‘19s Keep the Old Traditions Alive

The annual bonfire roars as '19s dare the deed for our Old Mother

The annual bonfire roars as ’19s dare the deed for our Old Mother

Dartmouth’s Homecoming Bonfire dates to the turn of the twentieth century, when a bonfire celebration after a major baseball win morphed (after a few years) into a Homecoming tradition that brings alums from all over the world back to our college. Every year, in one of the College’s most cherished traditions, the freshman class runs around flames topped with a woodcarving advertising their graduation year, welcoming them to the Dartmouth community. For all freshmen, the festivities and camaraderie are surreal and intoxicating.

Homecoming is also the occasion of one of the most important traditions at Dartmouth: freshmen touching the fire. As the upperclassmen yell at the newest additions to the Dartmouth family, each freshman contemplates whether he or she should break the mold and touch the flames, risking retaliation from Hanover’s finest. Any class in which nobody touches the fire is objectively the worst class ever. None of the ‘12s did it.

The same cannot be said of the Class of 2019. This year twelve brave ‘19s touched the fire. Three were arrested. Defying the administration and proving they would do their part to uphold the old traditions, these ‘19s merit our admiration and respect. I interviewed some of them, and their tales deserve to be retold. Two of them are related below. For their safety and to ensure they will be out of the way of disciplinary action, they will be given pseudonyms. We can only hope their stories will inspire future freshman classes to follow suit.

Our first story comes from “Ronald.” In the days leading up to Homecoming weekend, he was interested in touching the fire, but “not a fan of the consequences,” which some upperclassmen had warned him about. Before the parade, a close friend of his had told him, “If anyone is going to do it, you should probably do it.” Nevertheless, Ronald began running his laps Friday night without any intention of touching the fire.

But Dartmouth’s Homecoming spirit can intoxicate even the most uncompromising abstainer. Thoughts of the glories of Homecomings past began to pulsate through his spinning head. “As soon as I saw the flames go up, I knew it’s now or never. I thought, ‘I have to do this for myself and for Dartmouth.’ There were at least a hundred years of traditions that led to me being there.” As the fire grew even higher and hotter, feelings of pride for Dear Old Dartmouth empowered him to make a move. “Strength comes to you when you see a small barrier and a forty foot inferno. I was also hammered, and that definitely aided in my decision making.”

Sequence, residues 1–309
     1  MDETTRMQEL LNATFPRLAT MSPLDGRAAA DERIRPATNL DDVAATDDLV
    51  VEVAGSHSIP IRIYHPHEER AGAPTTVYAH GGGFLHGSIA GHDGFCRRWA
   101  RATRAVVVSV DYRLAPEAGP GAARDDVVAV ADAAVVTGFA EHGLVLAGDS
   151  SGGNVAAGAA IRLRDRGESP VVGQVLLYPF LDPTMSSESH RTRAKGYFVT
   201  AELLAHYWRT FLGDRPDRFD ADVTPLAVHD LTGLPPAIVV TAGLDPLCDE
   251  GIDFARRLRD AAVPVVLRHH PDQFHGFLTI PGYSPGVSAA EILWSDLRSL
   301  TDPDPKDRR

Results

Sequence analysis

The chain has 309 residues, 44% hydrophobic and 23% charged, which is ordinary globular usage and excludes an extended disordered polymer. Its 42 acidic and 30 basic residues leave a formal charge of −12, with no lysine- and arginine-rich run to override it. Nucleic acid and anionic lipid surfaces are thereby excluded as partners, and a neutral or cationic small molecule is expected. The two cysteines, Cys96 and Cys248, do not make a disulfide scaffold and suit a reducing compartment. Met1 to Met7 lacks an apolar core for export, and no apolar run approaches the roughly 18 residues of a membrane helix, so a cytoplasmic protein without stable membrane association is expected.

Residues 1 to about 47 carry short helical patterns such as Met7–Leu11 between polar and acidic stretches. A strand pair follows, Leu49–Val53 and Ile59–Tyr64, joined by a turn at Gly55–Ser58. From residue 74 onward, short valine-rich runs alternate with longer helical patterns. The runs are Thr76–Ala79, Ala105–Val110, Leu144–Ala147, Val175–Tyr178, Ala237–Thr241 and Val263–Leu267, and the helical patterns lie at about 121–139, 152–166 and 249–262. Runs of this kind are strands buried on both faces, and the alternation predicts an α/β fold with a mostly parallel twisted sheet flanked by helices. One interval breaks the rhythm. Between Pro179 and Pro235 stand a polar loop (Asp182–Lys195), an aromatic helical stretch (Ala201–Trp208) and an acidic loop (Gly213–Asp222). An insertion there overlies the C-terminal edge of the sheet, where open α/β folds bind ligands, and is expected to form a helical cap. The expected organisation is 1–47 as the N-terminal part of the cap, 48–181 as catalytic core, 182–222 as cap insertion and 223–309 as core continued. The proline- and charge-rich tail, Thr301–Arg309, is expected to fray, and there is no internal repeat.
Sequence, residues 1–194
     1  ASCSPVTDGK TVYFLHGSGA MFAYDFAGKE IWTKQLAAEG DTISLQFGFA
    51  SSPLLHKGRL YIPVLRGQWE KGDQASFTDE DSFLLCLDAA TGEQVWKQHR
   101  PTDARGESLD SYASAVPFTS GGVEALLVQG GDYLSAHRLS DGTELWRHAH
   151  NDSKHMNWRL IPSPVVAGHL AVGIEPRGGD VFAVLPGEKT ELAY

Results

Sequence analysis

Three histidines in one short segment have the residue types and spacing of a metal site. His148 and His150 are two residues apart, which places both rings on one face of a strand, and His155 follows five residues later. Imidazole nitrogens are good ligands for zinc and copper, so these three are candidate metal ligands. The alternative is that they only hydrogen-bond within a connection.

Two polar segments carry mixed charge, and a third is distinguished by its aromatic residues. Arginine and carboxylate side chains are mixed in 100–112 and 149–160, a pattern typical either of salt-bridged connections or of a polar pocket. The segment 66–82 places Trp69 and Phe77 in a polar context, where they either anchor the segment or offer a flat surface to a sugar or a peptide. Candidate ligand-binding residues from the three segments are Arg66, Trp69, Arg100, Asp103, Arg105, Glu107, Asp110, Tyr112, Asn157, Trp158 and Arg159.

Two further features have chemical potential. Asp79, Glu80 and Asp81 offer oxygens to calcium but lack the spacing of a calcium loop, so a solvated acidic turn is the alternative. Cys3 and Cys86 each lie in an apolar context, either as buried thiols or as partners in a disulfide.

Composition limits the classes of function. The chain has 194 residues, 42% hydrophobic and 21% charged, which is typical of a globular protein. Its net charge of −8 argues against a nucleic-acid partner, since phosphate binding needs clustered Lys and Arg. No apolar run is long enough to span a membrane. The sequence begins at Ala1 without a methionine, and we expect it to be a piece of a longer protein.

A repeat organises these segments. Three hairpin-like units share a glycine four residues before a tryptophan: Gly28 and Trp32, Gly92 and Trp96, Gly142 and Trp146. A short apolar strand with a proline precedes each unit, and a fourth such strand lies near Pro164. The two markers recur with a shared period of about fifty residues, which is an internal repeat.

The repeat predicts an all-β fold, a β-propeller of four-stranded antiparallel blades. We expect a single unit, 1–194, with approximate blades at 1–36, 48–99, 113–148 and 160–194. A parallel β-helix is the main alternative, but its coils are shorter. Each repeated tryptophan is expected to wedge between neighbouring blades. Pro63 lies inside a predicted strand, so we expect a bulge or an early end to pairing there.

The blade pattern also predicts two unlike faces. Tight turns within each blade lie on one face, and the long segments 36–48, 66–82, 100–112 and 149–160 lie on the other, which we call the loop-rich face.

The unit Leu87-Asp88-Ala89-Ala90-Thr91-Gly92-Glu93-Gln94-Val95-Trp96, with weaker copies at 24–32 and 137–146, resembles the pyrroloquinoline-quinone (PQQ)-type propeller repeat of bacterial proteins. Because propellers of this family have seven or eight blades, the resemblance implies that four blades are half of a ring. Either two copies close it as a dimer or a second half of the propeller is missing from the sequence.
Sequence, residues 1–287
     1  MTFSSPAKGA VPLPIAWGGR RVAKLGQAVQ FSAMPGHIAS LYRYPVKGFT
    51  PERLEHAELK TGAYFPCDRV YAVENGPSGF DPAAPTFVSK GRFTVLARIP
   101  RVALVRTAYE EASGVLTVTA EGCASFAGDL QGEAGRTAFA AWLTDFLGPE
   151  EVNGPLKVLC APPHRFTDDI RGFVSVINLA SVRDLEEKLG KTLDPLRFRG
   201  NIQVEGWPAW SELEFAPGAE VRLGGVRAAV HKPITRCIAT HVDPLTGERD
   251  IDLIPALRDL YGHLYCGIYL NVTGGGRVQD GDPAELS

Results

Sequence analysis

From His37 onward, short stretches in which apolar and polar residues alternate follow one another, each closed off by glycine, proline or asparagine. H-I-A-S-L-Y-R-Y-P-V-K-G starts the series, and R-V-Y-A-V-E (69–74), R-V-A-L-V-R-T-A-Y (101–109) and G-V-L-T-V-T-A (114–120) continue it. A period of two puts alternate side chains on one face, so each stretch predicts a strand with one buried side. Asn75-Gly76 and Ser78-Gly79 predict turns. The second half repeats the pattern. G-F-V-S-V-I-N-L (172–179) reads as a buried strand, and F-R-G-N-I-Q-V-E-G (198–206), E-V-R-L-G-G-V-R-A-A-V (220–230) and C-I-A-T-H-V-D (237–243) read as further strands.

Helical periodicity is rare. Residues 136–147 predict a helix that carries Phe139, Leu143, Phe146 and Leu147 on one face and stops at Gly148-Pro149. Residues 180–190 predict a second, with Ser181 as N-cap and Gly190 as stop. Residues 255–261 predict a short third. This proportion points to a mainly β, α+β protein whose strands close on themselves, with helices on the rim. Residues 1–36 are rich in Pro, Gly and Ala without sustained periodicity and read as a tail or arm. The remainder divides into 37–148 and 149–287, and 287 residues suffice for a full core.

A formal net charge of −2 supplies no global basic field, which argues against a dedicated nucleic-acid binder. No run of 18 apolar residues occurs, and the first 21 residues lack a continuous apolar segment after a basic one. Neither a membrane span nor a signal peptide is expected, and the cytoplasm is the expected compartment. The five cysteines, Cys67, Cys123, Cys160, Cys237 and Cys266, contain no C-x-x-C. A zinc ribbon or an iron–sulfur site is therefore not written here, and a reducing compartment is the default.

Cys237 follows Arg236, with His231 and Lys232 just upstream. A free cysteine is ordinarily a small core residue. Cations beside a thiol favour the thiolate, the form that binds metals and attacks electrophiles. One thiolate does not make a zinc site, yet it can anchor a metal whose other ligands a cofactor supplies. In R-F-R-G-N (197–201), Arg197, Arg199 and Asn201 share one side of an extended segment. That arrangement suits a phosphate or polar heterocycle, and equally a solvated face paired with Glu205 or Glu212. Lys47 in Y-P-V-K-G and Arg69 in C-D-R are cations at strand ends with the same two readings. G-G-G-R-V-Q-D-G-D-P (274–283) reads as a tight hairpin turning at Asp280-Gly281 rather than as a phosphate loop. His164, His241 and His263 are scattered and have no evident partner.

Before he had ducked even halfway under the barrier, a policeman spotted him. When a second H-Po officer turned to look at him, Ronald made a break for it. He planned to run straight through the center of the green, touching the flames before slightly changing direction, so as not to loose momentum. The crowd erupted in boisterous acclamation, while H-Po officers shouted, “Runner!” He was unfazed by law enforcement. “As I was running, I really didn’t think failure was a possibility.” The experience was surreal and Ronald remembered it vividly. “It represents way more than touching the fire. Its all the tradition of Homecoming culminating in a single touch.”

But it was short lived. Ronald hectically sprinted out of the center, with two officers closing in on him from either side. “There was a ridiculous amount of adrenaline going through my body.” As the officers got within arm’s length, Ronald dove headfirst between them and slid under the barrier separating the runners from the flames. He fell into the embrace of his fellow classmates who simultaneously picked him up and formed a barrier between him and Hanover Police. They shielded him from H-Po’s sight just long enough for Ronald to stand up and run. The frustrated officers had no chance of finding him among the stampede of freshman. Ronald had triumphed.